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Never Forget 9-11

Never Forget 9-11

World Trade Center beam will be permanent reminder at The Avenue Viera.

It’s been said that inanimate things carry the weight of the places they’ve been — and the things they’ve seen.

Emerging from beneath an American flag, the newest addition to The Avenue Viera was revealed on June 3, and it’s an object with important stories to tell future generations.

A 7-foot-long, 1-ton steel I-beam originally recovered from the rubble of the World Trade Center after the September 11, 2001 attacks sits atop two posts in a grassy area with benches across from the AMC Avenue 16 cinema. The 9/11 memorial beam is accessible to the public to view and touch.

The beam’s journey from New York City to Brevard County started in 2012. That’s when members of Transportation Workers Union of America (TWU) Local 525 and Kennedy Space Center firefighters requested a piece of the fallen tower to serve as a local remembrance. The petition went to the Port Authority of New York and New Jersey and had ties to Brevard County. FDNY Ladder Company 3 Captain Patrick “Paddy” Brown died saving lives on 9/11 — and he was the brother-in-law of a local TWU member.

It took a few years for the request to make it through the approval process, and the beam was dedicated at Kennedy Space Center Fire Station 1 on September 11, 2015. The location wasn’t ideal, though, because it was on Kennedy Space Center property and only badged employees could see it. The tour buses would drive by but not stop.

“One of the commitments we made... was that this artifact be put on display for public viewing,” said Kevin P. Smith, President of TWU Local 525. “About six months after its placement at the fire station, we began a search for a new home for the beam.”

The decision to move it to The Avenue Viera was made so that all residents and visitors could have access to this important piece of American history.

“We wanted to make sure that the new resting place for the Memorial Beam would be available to anyone choosing to view it without restrictions and without being charged a fee. These are just a few of the conditions set forth by the agency who releases the World Trade Center artifacts,” said Jim Dumont, a Senior Lieutenant with Kennedy Space Center Fire Department.

The Brevard County Veterans Memorial Center on Merritt Island was another site considered. Management at The Avenue offered a special spot for the memorial and paid for the material to prepare the site, Smith said, and it ended up the best location.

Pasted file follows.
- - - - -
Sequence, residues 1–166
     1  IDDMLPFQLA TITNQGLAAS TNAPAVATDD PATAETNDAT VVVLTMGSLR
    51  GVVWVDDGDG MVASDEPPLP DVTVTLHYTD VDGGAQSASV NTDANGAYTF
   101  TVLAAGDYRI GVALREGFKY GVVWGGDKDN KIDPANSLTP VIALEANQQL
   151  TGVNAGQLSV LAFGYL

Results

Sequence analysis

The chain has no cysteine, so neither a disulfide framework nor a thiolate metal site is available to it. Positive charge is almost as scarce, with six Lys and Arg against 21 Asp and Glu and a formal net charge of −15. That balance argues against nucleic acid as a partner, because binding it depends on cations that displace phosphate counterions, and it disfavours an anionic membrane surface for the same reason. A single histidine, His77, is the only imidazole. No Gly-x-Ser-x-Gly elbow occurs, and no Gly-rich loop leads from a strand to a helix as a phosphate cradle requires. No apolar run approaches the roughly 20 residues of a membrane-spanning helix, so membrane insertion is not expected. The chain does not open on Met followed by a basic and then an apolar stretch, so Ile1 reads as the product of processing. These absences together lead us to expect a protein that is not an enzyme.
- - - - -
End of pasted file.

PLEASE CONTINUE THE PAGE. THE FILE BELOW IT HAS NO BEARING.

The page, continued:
“The Avenue Viera is a great central location in Brevard County. Many citizens and visitors can now have incredible access to this artifact, which will be displayed with high honors for those wishing to sit at one of the park benches and have a few moments of silence. It shows that we have not forgotten,” Dumont said.

Escorted by retired police officers on motorcycles and other local organizations, about 400 people rode with the beam as it made its way to The Avenue on May 27, where it was draped in a black cloth. On June 2, the black cloth was replaced with the American flag that accompanied it on the journey from New York City to Florida.

After a moving dedication ceremony helmed by first responders who worked the 9/11 tragedies, either on the day of or in the months that followed, the American flag was removed to reveal the weathered beam.

“There’s nothing I can say to make you understand what it was like that day, what it was like in New York City in the months that followed the attacks,” Jim Paddock, a retired NYPD police officer and President of the Blue Knights motorcycle club, said.

Paddock, who moved to Viera in 2013, recounted the obstacles his own family encountered in the weeks following the terrorist attacks. He and his wife, Janice Paddock, also an NYPD officer, worked opposite 12-hour shifts for a month following the attacks and their sons, then 6 and 4, moved in with grandparents. In the years following, Janice Paddock suffered 9/11-related illness, having a mass removed from her throat that was later determined benign. His wife is one of the lucky ones, Jim Paddock said.

“What’s often lost in the story is that people are still dying from this tragedy. Twenty-three NYPD officers died that day, and another 140 have lost their lives due to 9/11-related illnesses. I know the numbers are similar with my fire department and military brothers and sisters,” he said during an address at the dedication ceremony.

In its new spot, The Avenue Viera general manager Scott McCarthy says he hopes that people will find a place of contemplation, of solitude, and of remembrance.

“It is an honor that The Avenue was chosen to be the new home for such an important piece of American history,” McCarthy said.

A special remembrance ceremony will take place on September 11 at the new memorial, with an event planned there every year on the anniversary of the American tragedy.

Remembrance isn’t the only goal of the memorial beam, though.

“We must teach children and young adults about September 11. Many of these young people were either very young or not even born when the tragedies occurred,” Dumont said.

The exact significance of the beam will vary from person to person but the first responders who worked diligently to bring it to Brevard hope its meaning stands the test of time.

“Hopefully the memorial beam will encourage the adults who witnessed these horrific events to take the time and explain the history of that day to the next generation,” Dumont said.

9-11 numbers

2,977: People killed in New York City, Washington D.C. and near Shanksvville, Pa.

2,753: People killed in NYC

343: NYC firefighters killed

23: New York City police officers killed

36: Port Authority of New York and New Jersey officers killed

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